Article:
5G clinic serves troops at sea
Global Times


A 5G hospital in Guangzhou, South China's Guangdong Province, in April. (Photo: VCG)

No need to go to big hospitals far away, as a recently established 5G remote ultrasonic clinic improves medical support for army personnel and residents on the islands in the South China Sea while reducing costs.

Since the remote clinic started operations in April, 62 military personnel and civilians have benefited from the 5G remote ultrasound outpatient service. Among them are 58 servicemen and women stationed on Xisha Islands, who underwent abdominal and gynecological check-ups and emergency services without leaving the island, PLA Daily reported on Tuesday.

The clinic allows troops and residents living on the islands in the South China Sea suffering from health problems get timely medical treatment via 5G technology, it reported.

Lü Faqin, the doctor of the ultrasonic clinic, was quoted by the PLA Daily as saying that when troops suffer from injuries or emergency symptoms, they could receive diagnosis and treatment within 24 hours with the 5G technology. 

Doctors from the Hainan Hospital of the People's Liberation Army General Hospital, based in Sanya could remotely monitor their conditions. 

Doctors can remotely operate the mechanical arm in real time at the patient end.

Through 5G technology, images can be transmitted in real time and precise positioning can be achieved for remote ultrasonic examination and treatment. Doctors and patients can also communicate through voice and video.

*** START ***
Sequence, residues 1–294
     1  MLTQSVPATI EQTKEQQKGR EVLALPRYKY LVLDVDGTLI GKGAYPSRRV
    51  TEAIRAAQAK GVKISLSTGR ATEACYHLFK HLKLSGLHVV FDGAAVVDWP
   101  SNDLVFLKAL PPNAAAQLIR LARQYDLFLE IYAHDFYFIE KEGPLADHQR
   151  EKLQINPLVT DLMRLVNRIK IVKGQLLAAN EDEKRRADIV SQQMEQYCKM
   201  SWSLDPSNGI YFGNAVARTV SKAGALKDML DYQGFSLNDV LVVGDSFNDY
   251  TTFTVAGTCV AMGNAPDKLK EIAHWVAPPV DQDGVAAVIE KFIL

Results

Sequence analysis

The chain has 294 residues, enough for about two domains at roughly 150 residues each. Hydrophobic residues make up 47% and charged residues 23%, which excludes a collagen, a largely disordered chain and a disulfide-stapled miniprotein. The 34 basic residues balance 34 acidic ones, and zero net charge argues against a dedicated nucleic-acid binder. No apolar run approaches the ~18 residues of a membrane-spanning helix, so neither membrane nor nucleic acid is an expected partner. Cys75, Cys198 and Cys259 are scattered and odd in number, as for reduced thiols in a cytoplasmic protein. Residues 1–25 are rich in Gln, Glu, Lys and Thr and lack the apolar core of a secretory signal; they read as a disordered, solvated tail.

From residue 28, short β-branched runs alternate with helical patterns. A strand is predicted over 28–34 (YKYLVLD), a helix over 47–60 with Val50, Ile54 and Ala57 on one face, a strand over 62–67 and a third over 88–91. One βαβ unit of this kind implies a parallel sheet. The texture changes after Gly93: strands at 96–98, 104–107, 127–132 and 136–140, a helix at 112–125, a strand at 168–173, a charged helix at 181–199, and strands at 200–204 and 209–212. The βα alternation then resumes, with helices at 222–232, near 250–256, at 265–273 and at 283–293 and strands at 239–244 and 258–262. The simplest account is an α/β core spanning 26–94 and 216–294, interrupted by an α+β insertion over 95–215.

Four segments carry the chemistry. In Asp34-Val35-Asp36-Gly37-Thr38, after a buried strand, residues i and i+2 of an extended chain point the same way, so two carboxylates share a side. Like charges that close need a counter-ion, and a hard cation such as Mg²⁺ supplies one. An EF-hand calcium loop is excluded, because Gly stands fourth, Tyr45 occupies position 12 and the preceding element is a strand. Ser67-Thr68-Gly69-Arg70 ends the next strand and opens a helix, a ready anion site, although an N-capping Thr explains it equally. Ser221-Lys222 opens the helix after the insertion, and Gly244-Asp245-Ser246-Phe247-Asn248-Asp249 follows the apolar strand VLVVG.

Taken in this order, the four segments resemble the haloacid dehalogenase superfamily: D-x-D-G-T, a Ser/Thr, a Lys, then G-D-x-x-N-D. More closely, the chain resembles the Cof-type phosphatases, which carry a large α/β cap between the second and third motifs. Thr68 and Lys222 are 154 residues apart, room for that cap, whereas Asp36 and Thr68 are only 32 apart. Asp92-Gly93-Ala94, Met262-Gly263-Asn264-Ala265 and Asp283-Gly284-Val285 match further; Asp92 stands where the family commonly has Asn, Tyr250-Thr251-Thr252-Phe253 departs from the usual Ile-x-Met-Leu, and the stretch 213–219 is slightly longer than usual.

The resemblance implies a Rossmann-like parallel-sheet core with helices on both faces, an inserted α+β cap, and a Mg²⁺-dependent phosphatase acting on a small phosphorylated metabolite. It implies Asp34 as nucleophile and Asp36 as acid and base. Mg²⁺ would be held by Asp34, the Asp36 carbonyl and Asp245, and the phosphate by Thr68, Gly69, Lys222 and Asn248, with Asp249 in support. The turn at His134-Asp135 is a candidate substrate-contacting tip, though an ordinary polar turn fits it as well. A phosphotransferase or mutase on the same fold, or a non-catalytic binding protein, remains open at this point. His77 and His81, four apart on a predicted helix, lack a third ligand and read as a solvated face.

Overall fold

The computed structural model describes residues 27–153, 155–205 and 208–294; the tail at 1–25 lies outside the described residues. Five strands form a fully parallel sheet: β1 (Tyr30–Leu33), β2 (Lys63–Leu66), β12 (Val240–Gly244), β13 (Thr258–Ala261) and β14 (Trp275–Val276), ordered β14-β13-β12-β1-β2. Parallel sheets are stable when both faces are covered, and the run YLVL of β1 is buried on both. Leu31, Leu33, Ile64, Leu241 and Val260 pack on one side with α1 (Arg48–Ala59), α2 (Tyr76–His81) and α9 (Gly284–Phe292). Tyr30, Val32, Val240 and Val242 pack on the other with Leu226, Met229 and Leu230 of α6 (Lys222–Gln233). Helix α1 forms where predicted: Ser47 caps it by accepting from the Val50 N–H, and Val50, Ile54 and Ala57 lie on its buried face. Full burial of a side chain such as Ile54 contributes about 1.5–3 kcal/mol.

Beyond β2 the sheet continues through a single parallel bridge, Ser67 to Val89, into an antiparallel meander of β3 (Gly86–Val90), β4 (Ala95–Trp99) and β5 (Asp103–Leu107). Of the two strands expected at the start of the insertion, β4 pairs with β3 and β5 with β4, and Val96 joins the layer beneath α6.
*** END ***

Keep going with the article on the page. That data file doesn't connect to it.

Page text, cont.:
The clinic would solve the problem of the lack of ultrasound doctors in the South China Sea, Chen Xiangmiao, a research fellow at the Hainan-based National Institute for the South China Sea, told the Global Times. 

When there is no such clinic, patients in urgent need of medical attention were always being airlifted to other hospitals and even other provinces such as Guangdong, according to Chen.

Chen noted it costs five to 10 hours, depending on weather conditions, to dispatch a military aircraft and transfer the patient in the South China Sea to nearest hospitals, usually those in Sanya and Haikou. 

There are two major hospitals in the South China Sea - one in the Yongshu Reef of the Nansha Islands and the other on Yongxing Island of the Xisha Islands, media reported. 

A patient from Xisha Islands was diagnosed with acute calculi obstruction by using 5G remote ultrasound technology. It only took two minutes to diagnose the patient's symptoms. 

The next morning, the remote ultrasonic robot found that the patient's stone had been discharged.

The Hainan Hospital in Sanya will also program robots to launch remote ultrasonic checks to monitor the daily training of the soldiers, and develop more remote clinics for the solders and other residents in the South China Sea, said the PLA Daily report.